There’s a lot to like about Elon University. There’s also a lot to dislike, as demonstrated by the popularity of Yik Yak and other venues where students are free to vent.

A new task force was created at the beginning of the school year to give students an opportunity to constructively vent. This task force is also acting on students’ complaints to improve Elon.

The Presidential Task Force on Campus Social Climate and Out-of-Class Engagement is working toward making the Elon experience better for everyone here, but it can’t do it alone.

It’s giving students the opportunity to work with the Task Force and by extension, Elon’s senior administration, to improve Elon.

So far, it has offered “idea walls” that serve as spaces for students to write their thoughts on what can or needs to change at Elon, two community town halls and small-group interviews, all meant to help the Task Force gather data on students’ needs.

But this opportunity is meaningless if students don’t take advantage of it. To make Elon better, students need to understand that this is the time to speak up about serious issues at Elon and, most importantly, to be heard.

We have the administration’s attention: We need to use it effectively.

Unfortunately, not everyone understands this, as seen on the idea walls. Some students made valid suggestions and expressed real concerns regarding things such as limited dining hours and options for weekend activities.

But others wrote that certain administrators should be fired and that certain populations of campus should be removed. One contributor requested a bar that didn’t allow freshmen. 

There’s a place for jokes. A venue that is meant to give students a say in how their campus changes is not one of them. Making useless comments there is immature and a waste of everyone’s time.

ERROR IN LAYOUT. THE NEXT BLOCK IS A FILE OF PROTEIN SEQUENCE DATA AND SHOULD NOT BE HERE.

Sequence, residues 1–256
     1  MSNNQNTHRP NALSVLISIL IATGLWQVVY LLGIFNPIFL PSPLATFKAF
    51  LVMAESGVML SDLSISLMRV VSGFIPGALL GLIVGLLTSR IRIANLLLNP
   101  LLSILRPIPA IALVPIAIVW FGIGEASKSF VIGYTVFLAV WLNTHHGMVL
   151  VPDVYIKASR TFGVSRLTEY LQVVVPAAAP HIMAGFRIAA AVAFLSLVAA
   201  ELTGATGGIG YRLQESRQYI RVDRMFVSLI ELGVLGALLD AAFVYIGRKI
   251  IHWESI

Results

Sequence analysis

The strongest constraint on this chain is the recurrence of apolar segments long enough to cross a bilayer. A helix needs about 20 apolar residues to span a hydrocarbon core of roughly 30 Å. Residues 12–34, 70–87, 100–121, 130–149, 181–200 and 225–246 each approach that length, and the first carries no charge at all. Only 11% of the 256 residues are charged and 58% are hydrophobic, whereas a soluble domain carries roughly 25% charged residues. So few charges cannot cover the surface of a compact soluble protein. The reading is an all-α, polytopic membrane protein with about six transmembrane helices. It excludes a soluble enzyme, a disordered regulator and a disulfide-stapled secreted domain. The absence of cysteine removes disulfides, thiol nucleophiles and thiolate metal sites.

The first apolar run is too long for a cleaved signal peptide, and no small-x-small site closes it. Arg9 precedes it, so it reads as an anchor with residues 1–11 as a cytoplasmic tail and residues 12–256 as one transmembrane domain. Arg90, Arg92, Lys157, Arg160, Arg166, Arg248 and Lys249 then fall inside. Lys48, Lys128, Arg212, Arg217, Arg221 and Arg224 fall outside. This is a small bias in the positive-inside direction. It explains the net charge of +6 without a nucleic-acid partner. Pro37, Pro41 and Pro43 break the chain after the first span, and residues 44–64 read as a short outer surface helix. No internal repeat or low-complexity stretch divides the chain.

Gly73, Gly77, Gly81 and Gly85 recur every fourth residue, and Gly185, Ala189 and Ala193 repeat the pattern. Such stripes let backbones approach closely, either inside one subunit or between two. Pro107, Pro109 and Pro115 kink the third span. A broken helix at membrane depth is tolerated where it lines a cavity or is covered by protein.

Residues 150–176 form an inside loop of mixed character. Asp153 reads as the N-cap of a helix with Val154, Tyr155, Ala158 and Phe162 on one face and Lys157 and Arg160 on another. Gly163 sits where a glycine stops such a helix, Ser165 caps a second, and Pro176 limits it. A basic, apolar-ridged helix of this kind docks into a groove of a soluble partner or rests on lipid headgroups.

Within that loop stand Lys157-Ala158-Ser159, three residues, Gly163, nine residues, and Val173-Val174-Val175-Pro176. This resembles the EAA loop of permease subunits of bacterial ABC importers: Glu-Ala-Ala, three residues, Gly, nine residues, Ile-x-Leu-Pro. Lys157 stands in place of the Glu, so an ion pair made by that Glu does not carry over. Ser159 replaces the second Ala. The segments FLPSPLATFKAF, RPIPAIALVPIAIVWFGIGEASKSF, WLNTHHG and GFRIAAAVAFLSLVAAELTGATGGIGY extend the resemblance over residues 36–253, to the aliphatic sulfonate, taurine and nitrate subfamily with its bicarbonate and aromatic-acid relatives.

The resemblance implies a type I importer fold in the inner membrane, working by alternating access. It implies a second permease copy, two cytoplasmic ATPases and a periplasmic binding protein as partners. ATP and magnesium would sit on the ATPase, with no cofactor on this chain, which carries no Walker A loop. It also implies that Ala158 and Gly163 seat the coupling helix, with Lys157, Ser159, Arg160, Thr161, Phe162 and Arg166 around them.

There’s a difference between complaining and identifying parts of our campus that aren’t great and that can be fixed. The former doesn’t do anything for anyone, except maybe to serve as a sort of catharsis. The latter contributes toward making positive change happen.

The Task Force needs this kind of information. It needs to know what they can change and what it can make progress toward improving. It needs to know what students don’t like or want, but it also needs to know what kinds of solutions students need.

The Task Force is doing what it can. But it can’t gather the data it needs without help from us, the students — who, coincidentally, are the very people this Task Force is intended to help.

The Task Force is asking what students want. It’s an effort by the administration to fix the (many) things students find to complain about. The Task Force can only work to fix things it knows about. Students who don’t speak up about what could be changed to improve their college experiences can’t expect things to get better.

The Task Force’s next major effort takes the form of a voluntary survey, which was distributed to all undergraduates Monday.

This survey, according to Jon Dooley, assistant vice president for student life and a co-chair of the Task Force, is the best opportunity for all students to contribute to efforts to change Elon for the better.

And this change can happen as soon as next semester. “There are some early pieces of feedback that we got from students that the university will begin to act on next semester,” Dooley said.

This is an opportunity to suggest ways social life and out-of-class experiences at Elon can change. It’s a chance to point out problem areas on campus that the members of the Task Force may not be aware of, or to remind them of things that still need to be fixed. It’s an opportunity for constructive criticism, not whining.

In their Nov. 4 letter to the editor, Task Force co-chairs Naeemah Clark, associate professor of communications, and Dooley wrote, “Take the first step in helping us help you create your life story.”

We couldn’t have put it better ourselves.


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